As has become tradition after Los Angeles Lakers losses, the conversation almost immediately turned to how the front office could find more immediate help to surround LeBron James. Seeing as the Washington Wizards are having the fire sale of all fire sales, speculation has often been centered on a Brandon Ingram-for-Bradley Beal swap.
The thing those who push for that kind of trade seem to forget is that this was always going to be a multi-year process of surrounding James with NBA Finals-capable talent. The Lakers seem invested in really finding out what they have in their third-year forward, according to Eric Pincus of Bleacher Report.
“It’s too early to tell for Ingram,” a Lakers executive said. “Where was [Beal] at the same age?”
Well, to answer the question, Beal was averaging 15.3 points, 3.8 rebounds and 3.1 assists per game. Compare that to Ingram’s 15.8 points, 4.6 rebounds and 2.1 assists and you can kind of see why the Lakers want to remain patient for as long as they possibly can.
One concern remains Ingram’s fit alongside LeBron. Ingram is a legitimately different player with LeBron on the court versus without him (a trend that’s continued since the two came together) and while the Lakers can stagger the two’s minutes, at some point, you need the two best players on the roster to be able to function together.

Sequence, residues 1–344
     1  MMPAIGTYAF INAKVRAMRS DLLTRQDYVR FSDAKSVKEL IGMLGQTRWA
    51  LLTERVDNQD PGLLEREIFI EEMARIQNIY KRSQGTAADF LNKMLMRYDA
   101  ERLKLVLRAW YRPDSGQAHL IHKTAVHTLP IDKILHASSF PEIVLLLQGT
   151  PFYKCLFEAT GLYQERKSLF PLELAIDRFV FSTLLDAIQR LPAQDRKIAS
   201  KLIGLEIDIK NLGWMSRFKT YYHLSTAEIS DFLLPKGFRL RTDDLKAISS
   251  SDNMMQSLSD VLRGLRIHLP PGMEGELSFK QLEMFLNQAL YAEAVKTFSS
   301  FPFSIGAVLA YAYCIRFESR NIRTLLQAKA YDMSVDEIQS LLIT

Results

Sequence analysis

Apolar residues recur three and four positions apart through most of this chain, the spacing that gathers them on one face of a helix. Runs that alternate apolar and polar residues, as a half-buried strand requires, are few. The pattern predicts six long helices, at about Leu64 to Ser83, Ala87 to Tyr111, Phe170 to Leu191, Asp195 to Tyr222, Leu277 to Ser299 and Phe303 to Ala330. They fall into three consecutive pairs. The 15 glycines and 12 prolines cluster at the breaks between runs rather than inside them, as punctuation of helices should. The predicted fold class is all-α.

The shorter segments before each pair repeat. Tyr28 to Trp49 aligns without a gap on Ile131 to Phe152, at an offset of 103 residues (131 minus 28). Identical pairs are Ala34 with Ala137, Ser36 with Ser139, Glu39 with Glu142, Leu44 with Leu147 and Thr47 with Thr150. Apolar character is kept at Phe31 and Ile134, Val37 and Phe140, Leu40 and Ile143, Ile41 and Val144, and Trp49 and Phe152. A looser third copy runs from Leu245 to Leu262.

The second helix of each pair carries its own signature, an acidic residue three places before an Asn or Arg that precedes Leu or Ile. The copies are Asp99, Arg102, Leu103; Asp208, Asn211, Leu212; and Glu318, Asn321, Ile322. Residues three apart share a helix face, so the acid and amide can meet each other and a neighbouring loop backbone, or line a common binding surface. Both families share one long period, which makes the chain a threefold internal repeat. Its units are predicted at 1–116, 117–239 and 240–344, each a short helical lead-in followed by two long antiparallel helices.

Brandon Ingram Per 36 minutes— Laker Film Room (@LakerFilmRoom) November 26, 2018
LeBron Off the Court = 28.5 pts, 4.6 assts, 2.9 tovs, 61.8 TS%
LeBron On the Court = 15.4 pts, 1.9 assts, 2.8 tovs, 49.1 TS%
h/t to @DeleteThisPost for his help w/this.
This should go without saying, but something to keep in mind was the timeline in which this roster came together.
“Getting LeBron ... makes it interesting,” the executive said. “Obviously, we didn’t draft the guys [we have on the roster] knowing we would get him.”
Ingram was drafted by a completely different front office. If we really want to go full galaxy brain here and you are skeptical that the front office just happened to draft a few guys who do fit quite naturally with LeBron (Josh Hart, Kyle Kuzma and Lonzo Ball fit in basically that order), that’s fine and quite fun to think about. But there was simply no way when they drafted Ingram that they thought LeBron was coming — and their fit together speaks very loudly to that point.
Still, the larger, overriding point here is that the Lakers recognize the patience they have to display if they want the LeBron James-Lakers era to reach its full potential. Beal would be a great quick fix, but would severely hamper what the Lakers could do this summer. Seeing as everyone knew this was a multi-year project, it just makes more sense to stick to the plan — which involves waiting to see what Ingram is capable of with a full year of playing next to LeBron.